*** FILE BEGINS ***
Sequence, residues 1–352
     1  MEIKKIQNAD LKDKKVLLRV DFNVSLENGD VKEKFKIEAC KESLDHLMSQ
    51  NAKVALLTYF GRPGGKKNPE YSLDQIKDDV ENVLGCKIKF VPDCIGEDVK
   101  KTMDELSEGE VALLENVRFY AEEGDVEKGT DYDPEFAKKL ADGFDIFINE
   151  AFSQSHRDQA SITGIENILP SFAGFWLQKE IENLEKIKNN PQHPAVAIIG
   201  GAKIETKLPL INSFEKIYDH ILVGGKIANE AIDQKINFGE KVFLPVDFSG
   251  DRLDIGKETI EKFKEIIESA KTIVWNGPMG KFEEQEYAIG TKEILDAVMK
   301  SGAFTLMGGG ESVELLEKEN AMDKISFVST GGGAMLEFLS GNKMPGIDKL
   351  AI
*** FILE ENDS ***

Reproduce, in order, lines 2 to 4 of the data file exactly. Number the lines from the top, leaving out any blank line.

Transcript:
     1  MEIKKIQNAD LKDKKVLLRV DFNVSLENGD VKEKFKIEAC KESLDHLMSQ
    51  NAKVALLTYF GRPGGKKNPE YSLDQIKDDV ENVLGCKIKF VPDCIGEDVK
   101  KTMDELSEGE VALLENVRFY AEEGDVEKGT DYDPEFAKKL ADGFDIFINE